Searchers are still looking for Sam Friel, 20, a deaf man who disappeared from a Madera, Calif. hospital two weeks ago. Friel wandered away from Madera Community Hospital, where he was taken from a deaf camp in Ahwahnee after showing signs of depression. Friel is said to be afraid of people wearing uniforms, reported KFSN-TV News. "I think he was scared and didn't know what was going on," said Brooke Myers, a friend of the missing man. "As far as we know, the security guard that was guarding him got up and Sam had the opportunity to bolt." Hospital officials said any mental health patients taken to their facility will now be transferred to other hospitals that have the means to care for them.


The parents of a 16-year-old deaf girl in Massachusetts are considering a discrimination lawsuit against a driving school that doesn't want to pay for a sign-language interpreter. According to the Cape Cod Times, the cost of interpreting the 30-hour course for Ashley Jones could run as high as $1,500; the course itself costs $414. "How am I going to stay in business doing stuff like that?" asked Robert Samson, owner of Professional Driving Schools Inc. of Hyannis. He denied that he refused to provide an interpreter but claimed Ashley's parents, Michelle and Jeffrey Jones of West Barnstable, can afford to pay the interpreter costs themselves. Jeffrey Jones said he won't pay based on principle. "What about the guy behind (Ashley) who doesn't have the money?" he said. "It's not about economics. It's about the law. It's about setting precedent."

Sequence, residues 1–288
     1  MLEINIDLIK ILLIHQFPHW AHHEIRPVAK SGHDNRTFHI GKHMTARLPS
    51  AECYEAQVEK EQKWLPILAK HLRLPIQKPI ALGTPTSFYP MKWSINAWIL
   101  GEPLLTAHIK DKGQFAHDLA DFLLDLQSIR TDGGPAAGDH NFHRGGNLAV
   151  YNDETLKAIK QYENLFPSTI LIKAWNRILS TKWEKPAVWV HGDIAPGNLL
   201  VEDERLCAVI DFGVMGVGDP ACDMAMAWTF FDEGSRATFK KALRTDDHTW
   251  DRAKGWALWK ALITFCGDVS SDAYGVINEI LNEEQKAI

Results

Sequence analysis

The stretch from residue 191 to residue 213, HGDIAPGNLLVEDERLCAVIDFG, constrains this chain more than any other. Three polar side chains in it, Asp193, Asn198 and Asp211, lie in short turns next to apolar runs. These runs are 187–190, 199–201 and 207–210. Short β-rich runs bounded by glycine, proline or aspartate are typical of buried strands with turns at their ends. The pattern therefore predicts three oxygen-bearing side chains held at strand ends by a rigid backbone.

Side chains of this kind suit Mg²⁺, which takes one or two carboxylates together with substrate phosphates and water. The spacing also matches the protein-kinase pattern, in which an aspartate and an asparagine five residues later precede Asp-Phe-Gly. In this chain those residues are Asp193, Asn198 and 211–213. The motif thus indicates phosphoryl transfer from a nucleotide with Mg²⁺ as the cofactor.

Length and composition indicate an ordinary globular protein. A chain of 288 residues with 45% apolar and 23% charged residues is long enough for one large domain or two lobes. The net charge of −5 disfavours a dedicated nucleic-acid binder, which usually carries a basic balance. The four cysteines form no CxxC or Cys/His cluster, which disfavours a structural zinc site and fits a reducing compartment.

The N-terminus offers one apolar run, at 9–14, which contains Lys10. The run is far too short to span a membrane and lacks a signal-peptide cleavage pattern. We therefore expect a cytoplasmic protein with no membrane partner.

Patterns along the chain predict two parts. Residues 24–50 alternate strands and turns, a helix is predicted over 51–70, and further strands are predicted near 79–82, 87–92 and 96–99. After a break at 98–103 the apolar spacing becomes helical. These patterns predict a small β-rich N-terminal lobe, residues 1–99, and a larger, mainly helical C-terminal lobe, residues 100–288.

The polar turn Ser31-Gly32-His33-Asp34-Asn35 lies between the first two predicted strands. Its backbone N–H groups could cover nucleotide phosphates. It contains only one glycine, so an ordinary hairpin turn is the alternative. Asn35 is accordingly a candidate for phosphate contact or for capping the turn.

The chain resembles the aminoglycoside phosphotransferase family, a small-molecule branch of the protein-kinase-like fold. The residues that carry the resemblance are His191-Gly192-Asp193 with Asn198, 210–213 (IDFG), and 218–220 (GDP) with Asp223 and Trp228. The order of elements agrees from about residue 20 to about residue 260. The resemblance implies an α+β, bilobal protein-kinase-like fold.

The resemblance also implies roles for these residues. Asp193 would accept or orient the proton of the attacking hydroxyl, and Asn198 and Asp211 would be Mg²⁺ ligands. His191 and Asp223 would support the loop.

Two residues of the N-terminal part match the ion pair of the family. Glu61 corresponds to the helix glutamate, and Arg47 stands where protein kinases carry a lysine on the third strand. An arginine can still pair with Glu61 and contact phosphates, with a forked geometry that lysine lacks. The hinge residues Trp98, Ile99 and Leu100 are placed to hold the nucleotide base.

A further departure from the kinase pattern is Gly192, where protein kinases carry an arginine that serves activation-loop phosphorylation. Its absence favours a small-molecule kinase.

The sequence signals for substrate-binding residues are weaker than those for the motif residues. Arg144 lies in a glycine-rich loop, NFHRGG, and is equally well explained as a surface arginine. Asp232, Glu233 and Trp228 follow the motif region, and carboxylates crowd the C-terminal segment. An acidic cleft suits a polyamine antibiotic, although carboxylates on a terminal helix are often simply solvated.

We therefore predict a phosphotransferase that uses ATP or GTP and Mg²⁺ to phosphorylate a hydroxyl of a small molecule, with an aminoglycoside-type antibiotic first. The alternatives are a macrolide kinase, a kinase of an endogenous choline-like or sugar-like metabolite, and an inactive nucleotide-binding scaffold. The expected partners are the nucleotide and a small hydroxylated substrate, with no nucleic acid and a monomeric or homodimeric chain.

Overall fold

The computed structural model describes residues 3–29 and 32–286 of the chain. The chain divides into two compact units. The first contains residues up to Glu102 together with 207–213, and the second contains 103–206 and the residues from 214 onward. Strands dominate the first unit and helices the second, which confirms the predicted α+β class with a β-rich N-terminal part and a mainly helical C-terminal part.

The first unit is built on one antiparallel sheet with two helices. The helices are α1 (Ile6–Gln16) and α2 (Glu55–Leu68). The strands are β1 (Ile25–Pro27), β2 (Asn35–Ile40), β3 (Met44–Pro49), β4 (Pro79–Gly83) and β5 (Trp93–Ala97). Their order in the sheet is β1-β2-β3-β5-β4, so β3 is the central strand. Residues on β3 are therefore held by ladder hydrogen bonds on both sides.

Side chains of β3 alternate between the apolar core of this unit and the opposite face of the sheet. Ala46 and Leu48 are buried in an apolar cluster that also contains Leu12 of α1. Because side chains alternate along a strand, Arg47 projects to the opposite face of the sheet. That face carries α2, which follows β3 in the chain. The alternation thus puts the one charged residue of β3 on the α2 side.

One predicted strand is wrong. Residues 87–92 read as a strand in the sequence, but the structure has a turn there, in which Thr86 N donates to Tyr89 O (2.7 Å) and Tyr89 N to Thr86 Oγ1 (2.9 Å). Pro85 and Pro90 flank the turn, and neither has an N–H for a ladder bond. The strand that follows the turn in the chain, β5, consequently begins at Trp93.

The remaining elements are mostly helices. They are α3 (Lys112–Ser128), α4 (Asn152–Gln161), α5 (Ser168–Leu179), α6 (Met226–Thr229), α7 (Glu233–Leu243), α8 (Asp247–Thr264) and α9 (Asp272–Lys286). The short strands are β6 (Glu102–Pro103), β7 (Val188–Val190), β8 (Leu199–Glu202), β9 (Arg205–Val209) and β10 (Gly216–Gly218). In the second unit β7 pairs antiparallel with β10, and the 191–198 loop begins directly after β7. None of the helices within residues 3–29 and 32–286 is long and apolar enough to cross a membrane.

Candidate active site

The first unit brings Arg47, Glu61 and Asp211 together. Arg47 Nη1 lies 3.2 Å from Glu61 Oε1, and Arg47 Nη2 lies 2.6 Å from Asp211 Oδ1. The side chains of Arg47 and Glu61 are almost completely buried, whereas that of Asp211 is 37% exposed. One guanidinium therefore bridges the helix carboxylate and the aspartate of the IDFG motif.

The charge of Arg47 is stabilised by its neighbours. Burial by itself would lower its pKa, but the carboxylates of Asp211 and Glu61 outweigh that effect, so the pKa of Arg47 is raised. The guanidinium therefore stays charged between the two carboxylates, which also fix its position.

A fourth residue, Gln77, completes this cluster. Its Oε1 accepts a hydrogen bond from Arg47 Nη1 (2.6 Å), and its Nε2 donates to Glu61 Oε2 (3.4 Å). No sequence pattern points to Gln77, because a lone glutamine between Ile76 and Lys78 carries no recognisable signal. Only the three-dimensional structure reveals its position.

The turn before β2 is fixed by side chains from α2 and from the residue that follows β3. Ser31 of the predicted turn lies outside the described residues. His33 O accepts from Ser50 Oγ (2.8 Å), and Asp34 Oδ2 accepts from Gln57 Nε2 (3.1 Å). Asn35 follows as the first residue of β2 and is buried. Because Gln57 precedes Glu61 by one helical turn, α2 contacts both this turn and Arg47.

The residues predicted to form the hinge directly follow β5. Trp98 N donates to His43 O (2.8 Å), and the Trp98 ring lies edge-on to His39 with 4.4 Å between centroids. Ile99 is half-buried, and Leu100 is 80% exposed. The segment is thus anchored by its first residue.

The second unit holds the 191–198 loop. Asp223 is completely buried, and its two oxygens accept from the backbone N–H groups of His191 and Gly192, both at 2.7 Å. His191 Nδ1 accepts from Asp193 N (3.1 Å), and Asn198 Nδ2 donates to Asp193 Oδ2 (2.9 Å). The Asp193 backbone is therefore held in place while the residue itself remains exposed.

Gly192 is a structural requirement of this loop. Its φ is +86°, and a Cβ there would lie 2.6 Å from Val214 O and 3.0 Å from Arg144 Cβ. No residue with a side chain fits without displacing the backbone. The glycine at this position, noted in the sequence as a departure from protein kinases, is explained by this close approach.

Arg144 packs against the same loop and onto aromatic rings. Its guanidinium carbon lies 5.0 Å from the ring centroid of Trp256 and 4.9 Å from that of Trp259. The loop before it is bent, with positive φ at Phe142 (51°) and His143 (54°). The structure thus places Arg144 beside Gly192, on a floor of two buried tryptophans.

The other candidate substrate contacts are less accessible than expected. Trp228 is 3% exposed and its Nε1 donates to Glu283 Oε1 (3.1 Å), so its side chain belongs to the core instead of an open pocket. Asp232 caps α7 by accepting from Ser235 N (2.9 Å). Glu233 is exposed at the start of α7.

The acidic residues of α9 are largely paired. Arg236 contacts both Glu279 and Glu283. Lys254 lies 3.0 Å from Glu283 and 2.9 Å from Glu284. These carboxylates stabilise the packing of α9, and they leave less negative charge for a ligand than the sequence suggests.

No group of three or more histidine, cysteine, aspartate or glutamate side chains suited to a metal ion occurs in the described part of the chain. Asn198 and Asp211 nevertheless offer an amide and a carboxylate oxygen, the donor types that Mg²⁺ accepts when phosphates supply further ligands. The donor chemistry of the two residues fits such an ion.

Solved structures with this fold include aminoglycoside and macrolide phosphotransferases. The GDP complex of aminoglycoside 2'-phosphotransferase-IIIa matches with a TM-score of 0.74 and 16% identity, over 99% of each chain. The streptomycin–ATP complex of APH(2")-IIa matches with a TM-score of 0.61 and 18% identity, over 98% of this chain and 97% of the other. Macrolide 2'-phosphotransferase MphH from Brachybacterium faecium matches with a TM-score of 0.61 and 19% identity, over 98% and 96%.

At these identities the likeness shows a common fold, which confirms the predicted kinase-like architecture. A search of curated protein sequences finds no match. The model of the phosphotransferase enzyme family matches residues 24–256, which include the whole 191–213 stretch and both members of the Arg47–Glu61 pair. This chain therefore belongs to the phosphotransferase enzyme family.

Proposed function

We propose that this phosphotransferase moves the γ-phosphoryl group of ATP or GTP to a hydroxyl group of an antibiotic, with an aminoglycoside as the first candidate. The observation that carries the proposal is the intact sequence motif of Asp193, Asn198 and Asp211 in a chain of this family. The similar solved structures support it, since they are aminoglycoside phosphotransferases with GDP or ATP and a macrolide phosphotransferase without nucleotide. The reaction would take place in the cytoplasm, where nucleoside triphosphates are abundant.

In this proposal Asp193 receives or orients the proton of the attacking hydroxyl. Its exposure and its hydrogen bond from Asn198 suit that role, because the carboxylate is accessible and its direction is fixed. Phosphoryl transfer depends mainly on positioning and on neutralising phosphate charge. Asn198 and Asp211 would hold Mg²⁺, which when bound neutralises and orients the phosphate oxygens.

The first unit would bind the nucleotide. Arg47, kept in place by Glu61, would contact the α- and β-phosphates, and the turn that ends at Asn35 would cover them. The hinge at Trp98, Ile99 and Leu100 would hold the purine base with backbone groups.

CBS 5 in San Francisco reported last week on Oliva and Tallulah Hogan, 14-month-old identical twins from Saratoga, Calif. who were surgically fitted with cochlear implants. They are among fewer than 50 youngsters nationwide who have received implants in both ears, said to be a very new procedure. "When you have information going into each ear, the information goes up your auditory pathway into your brain and you get an increase in understanding speech information," said audiologist Becky Highlander. Last Tuesday, at the California Ear Institute in Palo Alto, Calif., the devices were slowly activated. Tallulah was momentarily shocked as she heard her first sounds -- cameras recording the moment. "Hopefully this will open up many different doors for them, educationally, vocationally, socially," said Highlander.